Evaluating A DUI Case

Many people, including some lawyers, believe that if you are arrested for driving under the influence, and fail a breath or blood test, you do not have a chance to win. To be clear, driving under the influence cases are difficult to win. Successfully defending a driving under the influence case requires careful and thorough investigation of all of the facts, and not just the facts that the arresting officer has recorded in his or her police report. In driving under the influence cases, the police report consists of fill-in-the-blank forms and a narrative. In almost all police reports, the arresting officer focuses on a few facts which are slanted to demonstrate that the motorist was allegedly impaired. The arresting officer ignores other pertinent facts which could call into question whether or not the motorist was, in fact, actually impaired. For example, the police report may state that you put your foot down during the one-leg stand test, but the report will fail to mention that you put your foot down at the request of the arresting officer, as depicted in the in-squad video.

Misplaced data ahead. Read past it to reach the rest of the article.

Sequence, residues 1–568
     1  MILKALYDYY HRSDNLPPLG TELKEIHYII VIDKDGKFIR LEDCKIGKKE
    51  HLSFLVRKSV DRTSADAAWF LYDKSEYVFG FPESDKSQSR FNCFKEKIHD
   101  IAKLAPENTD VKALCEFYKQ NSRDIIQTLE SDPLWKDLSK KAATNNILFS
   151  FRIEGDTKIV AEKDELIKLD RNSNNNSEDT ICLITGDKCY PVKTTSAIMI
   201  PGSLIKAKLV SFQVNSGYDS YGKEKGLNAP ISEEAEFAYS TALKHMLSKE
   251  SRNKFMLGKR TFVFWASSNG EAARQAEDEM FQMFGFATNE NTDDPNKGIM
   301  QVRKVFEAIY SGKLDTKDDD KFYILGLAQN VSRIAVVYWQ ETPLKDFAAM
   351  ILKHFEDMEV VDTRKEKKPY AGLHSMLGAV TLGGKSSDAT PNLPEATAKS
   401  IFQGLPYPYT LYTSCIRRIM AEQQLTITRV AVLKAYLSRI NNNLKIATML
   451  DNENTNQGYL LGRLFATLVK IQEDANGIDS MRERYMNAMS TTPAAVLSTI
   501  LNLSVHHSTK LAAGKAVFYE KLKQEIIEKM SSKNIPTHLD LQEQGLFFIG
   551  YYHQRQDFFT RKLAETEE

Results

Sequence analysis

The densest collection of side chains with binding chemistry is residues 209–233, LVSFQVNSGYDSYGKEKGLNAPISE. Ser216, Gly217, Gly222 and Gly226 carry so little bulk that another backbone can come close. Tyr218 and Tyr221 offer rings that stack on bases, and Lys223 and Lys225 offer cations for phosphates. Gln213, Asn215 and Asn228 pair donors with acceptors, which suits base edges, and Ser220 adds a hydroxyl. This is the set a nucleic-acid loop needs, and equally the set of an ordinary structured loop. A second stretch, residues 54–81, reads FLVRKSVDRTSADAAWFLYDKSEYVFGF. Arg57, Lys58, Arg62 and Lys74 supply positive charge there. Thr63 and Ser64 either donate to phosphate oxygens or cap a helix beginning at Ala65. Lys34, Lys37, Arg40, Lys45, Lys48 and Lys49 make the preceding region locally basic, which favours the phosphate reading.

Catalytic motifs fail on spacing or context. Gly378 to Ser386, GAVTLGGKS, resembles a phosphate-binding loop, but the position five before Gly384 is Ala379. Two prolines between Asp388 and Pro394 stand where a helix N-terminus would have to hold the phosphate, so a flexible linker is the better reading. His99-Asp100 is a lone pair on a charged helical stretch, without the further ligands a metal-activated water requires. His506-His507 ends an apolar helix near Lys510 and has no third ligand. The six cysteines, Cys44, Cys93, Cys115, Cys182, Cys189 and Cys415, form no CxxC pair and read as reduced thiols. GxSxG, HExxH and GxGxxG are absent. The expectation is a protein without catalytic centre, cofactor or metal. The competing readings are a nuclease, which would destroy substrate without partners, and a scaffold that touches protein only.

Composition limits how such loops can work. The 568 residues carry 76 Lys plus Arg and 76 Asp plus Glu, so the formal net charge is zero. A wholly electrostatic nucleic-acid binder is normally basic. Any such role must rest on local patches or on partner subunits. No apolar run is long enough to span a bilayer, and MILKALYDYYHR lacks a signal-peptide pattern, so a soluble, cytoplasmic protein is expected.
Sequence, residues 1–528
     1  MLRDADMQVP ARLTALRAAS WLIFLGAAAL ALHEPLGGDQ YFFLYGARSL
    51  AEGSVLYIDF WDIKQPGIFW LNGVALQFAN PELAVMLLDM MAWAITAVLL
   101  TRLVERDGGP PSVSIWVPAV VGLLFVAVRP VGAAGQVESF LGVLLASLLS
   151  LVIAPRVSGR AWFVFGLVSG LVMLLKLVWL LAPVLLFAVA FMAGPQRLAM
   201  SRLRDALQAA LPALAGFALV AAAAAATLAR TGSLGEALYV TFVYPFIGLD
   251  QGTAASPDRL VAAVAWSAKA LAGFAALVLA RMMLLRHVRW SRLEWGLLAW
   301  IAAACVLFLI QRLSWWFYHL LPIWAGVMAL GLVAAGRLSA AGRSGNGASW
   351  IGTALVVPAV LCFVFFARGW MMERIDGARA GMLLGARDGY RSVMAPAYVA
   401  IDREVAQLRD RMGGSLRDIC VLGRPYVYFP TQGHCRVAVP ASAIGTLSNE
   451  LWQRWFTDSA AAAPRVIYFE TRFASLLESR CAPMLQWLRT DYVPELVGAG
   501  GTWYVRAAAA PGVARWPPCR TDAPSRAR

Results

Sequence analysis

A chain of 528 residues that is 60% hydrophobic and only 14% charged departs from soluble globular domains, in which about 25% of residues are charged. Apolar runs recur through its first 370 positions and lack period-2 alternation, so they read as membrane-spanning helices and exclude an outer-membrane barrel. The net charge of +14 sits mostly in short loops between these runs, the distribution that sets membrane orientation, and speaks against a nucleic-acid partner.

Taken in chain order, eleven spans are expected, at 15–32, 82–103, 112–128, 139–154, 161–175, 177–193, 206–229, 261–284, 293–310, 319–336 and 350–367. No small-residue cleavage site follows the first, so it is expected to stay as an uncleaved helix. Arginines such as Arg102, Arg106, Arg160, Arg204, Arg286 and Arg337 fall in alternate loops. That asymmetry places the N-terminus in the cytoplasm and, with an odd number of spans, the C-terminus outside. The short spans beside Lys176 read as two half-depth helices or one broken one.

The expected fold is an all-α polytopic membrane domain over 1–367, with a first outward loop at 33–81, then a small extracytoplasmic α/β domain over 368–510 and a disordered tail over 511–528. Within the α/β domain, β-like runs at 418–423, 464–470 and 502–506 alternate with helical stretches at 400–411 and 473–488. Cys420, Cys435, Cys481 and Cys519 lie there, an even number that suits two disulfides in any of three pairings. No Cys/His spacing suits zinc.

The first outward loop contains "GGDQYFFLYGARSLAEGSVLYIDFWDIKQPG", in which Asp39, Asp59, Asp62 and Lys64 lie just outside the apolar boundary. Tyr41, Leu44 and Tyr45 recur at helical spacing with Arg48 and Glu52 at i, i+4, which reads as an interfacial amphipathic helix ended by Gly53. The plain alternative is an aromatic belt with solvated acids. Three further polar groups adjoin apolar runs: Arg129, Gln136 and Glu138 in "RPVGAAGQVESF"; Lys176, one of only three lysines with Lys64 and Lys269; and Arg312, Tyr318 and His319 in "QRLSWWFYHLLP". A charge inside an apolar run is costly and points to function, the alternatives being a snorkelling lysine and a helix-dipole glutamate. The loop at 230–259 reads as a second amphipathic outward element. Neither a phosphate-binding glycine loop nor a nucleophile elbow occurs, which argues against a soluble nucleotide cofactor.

A good lawyer does not merely read, and accept at face value, the content of a police report when analyzing a driving under the influence case. A good lawyer thoroughly investigates the case, obtains additional information and records not contained in the police report, and “thinks out of the box” in establishing a viable defense.

Factor One: Did the Arresting Officer Follow The Rules?

Whether or not you are actually guilty of driving under the influence may be one of the least important factors in your case. The rule of law protects the most important of our civil liberties: the right to be free from unreasonable stops, seizure, searches and arrest. The police must follow strict rules that prevent them from stopping and arresting citizens without articulable suspicion or probable cause. In many instances, the police act on a mere hunch or suspicion, without articulable suspicion or probable cause. Any evidence that police obtain as a result of their unlawful behavior may not be used against you in Court, even if the evidence clearly proves that you are guilty.